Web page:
One of the more unusual vehicles that tackled the hillclimb on the first day of the Goodwood Festival of Speed was this self-driving Ford Mustang. But things didn’t go terribly smoothly for the converted classic, which meandered up the hill, required the driver to take over on occasion and even hit a hay bale.
Siemens developed the autonomous version of this 1965 Mustang in collaboration with Cranfield University.
It uses “advanced location scanning technology” from Bentley Systems, with the engineering team having developed a 3D scan of the track to create “connected awareness” (with a little help from GPS) of the car’s own position.
Interestingly (or, should we say, bravely?), the engineers opted to retain the Mustang’s V8 rather than replace it with an electric motor or two.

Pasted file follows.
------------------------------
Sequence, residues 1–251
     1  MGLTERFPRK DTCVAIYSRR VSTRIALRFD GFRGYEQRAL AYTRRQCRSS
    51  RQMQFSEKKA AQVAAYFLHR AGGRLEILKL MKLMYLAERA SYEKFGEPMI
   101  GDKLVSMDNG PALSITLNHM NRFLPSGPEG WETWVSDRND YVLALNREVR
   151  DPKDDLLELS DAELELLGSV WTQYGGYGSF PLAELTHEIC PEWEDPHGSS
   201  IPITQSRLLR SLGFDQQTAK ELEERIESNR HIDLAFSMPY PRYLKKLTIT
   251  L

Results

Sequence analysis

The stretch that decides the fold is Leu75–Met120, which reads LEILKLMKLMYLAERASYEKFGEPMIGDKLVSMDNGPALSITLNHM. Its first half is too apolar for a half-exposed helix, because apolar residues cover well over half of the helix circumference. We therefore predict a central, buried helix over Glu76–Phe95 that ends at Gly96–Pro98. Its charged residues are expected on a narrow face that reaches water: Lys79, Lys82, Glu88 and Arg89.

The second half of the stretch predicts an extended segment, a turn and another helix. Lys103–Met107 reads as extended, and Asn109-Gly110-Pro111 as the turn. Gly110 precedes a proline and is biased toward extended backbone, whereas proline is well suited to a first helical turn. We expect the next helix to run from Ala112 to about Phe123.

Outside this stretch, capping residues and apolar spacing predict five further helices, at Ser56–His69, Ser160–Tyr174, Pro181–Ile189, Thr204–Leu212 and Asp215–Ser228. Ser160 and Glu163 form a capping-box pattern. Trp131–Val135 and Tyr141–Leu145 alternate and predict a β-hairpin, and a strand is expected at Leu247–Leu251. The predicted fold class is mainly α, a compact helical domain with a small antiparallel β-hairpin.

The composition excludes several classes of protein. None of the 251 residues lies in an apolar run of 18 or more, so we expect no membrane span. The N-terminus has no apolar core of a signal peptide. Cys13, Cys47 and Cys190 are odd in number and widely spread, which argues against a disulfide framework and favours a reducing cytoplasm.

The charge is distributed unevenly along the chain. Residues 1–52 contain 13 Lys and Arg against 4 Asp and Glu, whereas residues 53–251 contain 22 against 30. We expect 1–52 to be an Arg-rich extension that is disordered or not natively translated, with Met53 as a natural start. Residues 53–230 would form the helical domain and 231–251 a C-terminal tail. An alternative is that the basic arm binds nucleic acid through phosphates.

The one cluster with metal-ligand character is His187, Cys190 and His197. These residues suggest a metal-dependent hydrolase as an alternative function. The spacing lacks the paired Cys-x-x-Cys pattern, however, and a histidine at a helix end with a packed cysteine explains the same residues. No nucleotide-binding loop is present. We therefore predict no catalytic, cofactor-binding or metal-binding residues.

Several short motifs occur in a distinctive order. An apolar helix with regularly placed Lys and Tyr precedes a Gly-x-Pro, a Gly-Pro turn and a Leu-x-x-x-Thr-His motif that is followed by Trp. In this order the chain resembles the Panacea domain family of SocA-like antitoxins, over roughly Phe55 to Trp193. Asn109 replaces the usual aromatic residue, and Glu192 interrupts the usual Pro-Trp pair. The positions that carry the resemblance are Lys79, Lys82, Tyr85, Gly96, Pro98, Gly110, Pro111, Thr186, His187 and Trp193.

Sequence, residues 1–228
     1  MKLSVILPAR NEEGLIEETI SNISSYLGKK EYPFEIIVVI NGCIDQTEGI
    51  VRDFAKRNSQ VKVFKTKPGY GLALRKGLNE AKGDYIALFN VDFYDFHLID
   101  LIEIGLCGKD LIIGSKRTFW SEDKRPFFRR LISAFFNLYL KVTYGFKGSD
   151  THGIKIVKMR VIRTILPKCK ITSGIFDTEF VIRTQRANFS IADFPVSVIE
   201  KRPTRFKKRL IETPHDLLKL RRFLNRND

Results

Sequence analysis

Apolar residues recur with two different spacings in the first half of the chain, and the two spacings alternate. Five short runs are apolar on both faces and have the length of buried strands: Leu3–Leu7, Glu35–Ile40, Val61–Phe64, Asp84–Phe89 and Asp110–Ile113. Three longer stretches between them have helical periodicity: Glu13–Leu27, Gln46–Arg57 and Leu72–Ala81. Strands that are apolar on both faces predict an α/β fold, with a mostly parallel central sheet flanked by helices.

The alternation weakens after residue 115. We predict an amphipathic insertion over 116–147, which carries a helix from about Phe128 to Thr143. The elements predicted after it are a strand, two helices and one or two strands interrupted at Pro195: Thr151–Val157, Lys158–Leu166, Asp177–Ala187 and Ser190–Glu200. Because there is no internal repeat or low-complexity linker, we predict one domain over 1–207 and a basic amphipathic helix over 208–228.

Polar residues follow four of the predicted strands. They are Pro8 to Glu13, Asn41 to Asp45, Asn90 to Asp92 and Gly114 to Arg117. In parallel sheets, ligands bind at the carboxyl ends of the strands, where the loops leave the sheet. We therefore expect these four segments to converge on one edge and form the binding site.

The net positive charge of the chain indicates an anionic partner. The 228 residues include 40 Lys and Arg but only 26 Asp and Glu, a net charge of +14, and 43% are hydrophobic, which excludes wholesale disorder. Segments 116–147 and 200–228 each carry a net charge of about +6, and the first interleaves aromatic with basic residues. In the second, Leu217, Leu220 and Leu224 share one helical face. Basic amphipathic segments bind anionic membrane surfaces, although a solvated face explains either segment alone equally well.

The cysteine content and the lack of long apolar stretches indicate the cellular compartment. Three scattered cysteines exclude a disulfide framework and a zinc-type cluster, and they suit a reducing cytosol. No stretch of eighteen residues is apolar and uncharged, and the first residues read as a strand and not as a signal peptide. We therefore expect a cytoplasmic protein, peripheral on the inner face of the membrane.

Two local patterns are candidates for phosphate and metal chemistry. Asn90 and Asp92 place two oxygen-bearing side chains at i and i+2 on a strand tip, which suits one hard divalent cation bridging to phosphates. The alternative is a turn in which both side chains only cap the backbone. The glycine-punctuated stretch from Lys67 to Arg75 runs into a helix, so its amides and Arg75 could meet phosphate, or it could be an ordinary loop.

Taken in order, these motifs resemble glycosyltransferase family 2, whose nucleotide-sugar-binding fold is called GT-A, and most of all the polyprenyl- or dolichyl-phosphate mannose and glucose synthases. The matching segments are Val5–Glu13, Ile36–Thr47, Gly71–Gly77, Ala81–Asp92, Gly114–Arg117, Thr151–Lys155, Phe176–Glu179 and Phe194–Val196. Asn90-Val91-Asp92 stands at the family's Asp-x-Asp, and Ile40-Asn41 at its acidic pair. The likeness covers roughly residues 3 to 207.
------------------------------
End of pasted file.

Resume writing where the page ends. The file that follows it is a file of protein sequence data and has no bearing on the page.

Watch the video above, uploaded to YouTube by the folks over at Motor1, to see the Mustang’s first leisurely run up the hill at Goodwood. Unfortunately, the unscheduled right turn into a hay bale was not clearly captured in the clip, but you can see it in the image embedded above…
Ryan has spent most of his career in online media, writing about everything from sport to politics and other forms of crime. But his true passion – reignited by a 1971 Austin Mini Mk3 still tucked lifeless in a dark corner of his garage – is of the automotive variety.